1. Nonsense about basic fitness of course good reason for scepticism (11,3)

Answer: CREDIBILITY GAP (i.e. “reason for scepticism”). Solution is CRAP (i.e. “nonsense”) wrapped “about” EDIBILITY (i.e. “basic fitness of course”) and G (a recognised abbreviation of “good”), like so: CR(EDIBILITY-G)AP.

  1. For physicist, a very disastrous error having a doctor round (8)

Answer: Amadeo AVOGADRO (i.e. Italian “physicist”). Solution is A followed by V (a recognised abbreviation of “very”), then OG (i.e. “disastrous error”, short for an Own Goal), then A, then DR (short for “doctor”) and O (i.e. “round”). One pieced together solely from the wordplay.

  1. One going left hot drink close to pram: naughty! (6)

Answer: IMPISH (i.e. “naughty”). Solution is I (i.e. “[Roman numeral] one”) followed by H (a recognised abbreviation of “hot” used on taps), SIP (i.e. a “drink”) and M (i.e. “close to pram”, i.e. the last letter of “pram”) once these latter three have all been reversed (indicated by “going left” – this being an across clue), like so: I-(M-PIS-H).

  1. Shrink understood Leo – only for so long (6-2)

Answer: TOODLE-OO (i.e. “so long”). “Shrink” indicates the solution has been hidden in the clue, removing the outer letters of UNDERS(TOOD LEO O)NLY.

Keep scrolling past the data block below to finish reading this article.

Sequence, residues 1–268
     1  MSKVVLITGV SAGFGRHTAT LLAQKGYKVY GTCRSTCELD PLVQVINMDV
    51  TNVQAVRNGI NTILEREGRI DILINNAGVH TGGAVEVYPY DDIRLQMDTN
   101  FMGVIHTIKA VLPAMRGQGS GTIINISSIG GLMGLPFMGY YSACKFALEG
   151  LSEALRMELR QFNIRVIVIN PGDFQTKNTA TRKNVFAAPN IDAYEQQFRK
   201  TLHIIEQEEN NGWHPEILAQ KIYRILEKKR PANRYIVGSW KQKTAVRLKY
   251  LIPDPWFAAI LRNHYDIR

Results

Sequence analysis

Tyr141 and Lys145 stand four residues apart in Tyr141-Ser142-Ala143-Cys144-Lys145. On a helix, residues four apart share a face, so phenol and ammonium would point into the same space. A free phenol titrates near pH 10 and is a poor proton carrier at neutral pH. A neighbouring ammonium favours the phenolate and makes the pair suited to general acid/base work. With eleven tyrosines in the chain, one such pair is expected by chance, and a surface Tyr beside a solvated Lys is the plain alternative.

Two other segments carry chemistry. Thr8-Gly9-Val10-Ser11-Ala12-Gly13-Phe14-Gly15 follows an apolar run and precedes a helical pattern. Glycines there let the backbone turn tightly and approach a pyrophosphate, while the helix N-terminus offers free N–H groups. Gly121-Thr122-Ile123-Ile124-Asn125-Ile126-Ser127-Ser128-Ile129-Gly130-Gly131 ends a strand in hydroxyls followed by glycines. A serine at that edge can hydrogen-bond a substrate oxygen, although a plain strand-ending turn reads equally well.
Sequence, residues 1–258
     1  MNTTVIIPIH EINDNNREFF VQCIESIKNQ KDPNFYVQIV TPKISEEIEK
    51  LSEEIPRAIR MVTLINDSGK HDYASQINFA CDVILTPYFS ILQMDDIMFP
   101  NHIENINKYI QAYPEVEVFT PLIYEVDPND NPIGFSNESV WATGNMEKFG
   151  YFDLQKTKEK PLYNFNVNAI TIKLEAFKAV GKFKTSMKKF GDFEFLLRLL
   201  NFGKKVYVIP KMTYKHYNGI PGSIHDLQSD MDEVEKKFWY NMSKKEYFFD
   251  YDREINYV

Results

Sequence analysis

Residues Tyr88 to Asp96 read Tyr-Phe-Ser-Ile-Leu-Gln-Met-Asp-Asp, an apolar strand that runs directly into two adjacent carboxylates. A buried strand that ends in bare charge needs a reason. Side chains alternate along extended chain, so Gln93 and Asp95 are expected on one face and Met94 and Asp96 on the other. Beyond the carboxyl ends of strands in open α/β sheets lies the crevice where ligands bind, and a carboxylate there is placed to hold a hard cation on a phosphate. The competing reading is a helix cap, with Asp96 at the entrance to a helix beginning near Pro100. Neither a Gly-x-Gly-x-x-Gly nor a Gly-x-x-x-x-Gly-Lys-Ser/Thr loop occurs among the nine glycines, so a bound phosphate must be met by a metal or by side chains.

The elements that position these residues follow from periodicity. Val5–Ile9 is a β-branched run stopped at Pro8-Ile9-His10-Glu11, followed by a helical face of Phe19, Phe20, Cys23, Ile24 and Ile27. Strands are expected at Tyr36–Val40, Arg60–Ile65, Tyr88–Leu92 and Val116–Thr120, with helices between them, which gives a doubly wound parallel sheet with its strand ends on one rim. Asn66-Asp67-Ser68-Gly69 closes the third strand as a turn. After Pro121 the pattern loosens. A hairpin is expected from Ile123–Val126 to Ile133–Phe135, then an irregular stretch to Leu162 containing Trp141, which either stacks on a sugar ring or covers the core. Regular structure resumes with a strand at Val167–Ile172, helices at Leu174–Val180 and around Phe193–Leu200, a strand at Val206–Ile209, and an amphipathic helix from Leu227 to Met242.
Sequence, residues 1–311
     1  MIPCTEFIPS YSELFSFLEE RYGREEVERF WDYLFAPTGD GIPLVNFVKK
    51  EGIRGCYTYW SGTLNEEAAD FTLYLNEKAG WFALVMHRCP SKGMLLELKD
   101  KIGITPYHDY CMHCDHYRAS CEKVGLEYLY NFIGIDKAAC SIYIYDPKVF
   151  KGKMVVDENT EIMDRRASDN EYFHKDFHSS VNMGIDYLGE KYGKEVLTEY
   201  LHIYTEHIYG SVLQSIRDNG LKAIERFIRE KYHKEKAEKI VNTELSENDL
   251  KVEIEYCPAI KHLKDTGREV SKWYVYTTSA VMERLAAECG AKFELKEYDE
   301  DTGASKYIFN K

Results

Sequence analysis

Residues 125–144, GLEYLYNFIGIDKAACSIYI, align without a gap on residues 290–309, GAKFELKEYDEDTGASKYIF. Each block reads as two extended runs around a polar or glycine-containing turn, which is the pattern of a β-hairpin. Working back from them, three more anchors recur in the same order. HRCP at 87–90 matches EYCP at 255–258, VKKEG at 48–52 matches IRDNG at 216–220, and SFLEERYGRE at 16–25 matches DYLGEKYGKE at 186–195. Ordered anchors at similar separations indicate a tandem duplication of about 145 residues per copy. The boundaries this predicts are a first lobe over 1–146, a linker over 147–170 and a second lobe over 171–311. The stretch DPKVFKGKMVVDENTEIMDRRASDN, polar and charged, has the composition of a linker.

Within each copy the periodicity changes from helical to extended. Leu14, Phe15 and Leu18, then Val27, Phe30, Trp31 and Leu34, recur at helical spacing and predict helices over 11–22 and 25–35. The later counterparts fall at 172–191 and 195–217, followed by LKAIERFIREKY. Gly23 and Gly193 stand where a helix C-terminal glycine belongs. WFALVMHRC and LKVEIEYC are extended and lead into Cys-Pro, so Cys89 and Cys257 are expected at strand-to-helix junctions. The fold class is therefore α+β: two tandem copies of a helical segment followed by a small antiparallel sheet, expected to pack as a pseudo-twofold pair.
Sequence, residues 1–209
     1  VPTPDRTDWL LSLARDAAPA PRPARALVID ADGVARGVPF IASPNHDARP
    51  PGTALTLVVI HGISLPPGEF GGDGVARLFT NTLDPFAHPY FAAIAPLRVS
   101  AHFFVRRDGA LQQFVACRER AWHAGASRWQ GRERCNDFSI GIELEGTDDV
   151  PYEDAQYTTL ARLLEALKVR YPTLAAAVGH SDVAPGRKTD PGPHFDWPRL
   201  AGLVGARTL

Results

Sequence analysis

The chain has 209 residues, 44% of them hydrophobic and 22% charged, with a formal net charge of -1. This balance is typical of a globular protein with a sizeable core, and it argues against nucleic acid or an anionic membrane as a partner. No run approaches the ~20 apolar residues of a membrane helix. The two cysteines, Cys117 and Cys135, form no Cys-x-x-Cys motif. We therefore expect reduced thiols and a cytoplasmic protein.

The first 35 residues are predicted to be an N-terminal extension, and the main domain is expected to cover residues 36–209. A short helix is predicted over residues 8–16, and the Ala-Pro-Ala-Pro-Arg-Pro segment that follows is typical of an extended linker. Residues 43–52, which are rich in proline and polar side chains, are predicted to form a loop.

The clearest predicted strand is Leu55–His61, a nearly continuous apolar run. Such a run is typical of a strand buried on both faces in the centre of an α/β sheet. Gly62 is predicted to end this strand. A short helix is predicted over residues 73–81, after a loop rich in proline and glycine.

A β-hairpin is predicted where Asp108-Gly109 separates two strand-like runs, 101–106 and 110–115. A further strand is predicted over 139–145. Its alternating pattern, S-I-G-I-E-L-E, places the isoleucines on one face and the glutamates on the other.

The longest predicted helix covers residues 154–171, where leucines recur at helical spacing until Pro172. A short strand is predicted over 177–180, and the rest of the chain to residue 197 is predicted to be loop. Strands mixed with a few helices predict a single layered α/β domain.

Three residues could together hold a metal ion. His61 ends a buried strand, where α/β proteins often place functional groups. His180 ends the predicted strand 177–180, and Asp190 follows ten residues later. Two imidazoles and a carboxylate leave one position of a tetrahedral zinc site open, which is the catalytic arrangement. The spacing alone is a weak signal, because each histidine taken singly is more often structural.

1. What bishops may grasp about different men (6)

Answer: CROOKS (i.e. “what bishops may grasp”). Solution is C (i.e. “about”, specifically a recognised abbreviation of “circa”) followed by ROOKS (i.e. “men” – chess pieces are sometimes referred to as men). “Different” seems surplus to requirements, so I might not have this 100% right.

[EDIT: Thanks again to Chris for clarifying “different” within the clue. I hadn’t twigged bishops being chess pieces too. Cheers, Chris! – LP]

  1. Soft and runny porridge: that is a French dish (8,3)

Answer: PERIGORD PIE (i.e. “French dish” of meat and truffles. Sounds good to me). Solution is P (i.e. “soft”, specifically a recognised abbreviation of “piano” used in musical lingo) followed by an anagram (indicated by “runny”) of PORRIDGE, then IE (i.e. “that is”, i.e. “i.e.” short for the Latin id est), like so: P-ERIGORDP-IE.

  1. Something deceptive in the case of latest Mob suspect (5,6)

Answer: FALSE BOTTOM (i.e. “something deceptive in the [suit]case”). “Suspect” indicates anagram. Solution is an anagram of OF LATEST MOB.

  1. Notwithstanding popular image, enemy in retreat (2,5,2)

Answer: IN SPITE OF (i.e. “notwithstanding”). Solution is IN (i.e. “popular”) followed by SPIT (i.e. “image” or exact replica) and FOE (i.e. “enemy”) once this latter has been reversed (indicated by “in retreat”), like so: IN-SPIT-EOF.

  1. Wind got of husband’s casual reference to couple? (7)

Answer: MEANDER (i.e. to “wind”). When written as ME AND ‘ER the solution playfully satisfies “husband’s casual reference to couple”.

  1. Chap fifty yards back, bang in the middle (5)

Answer: DYLAN (i.e. “chap’s” name). Solution is L (i.e. “[Roman numeral] fifty”) and YD (a recognised abbreviation of “yards”) all reversed (indicated by “back”). This is then followed by AN (i.e. “bang in the middle”, i.e. the middle letters of “bang”), like so: (DY-L)-AN.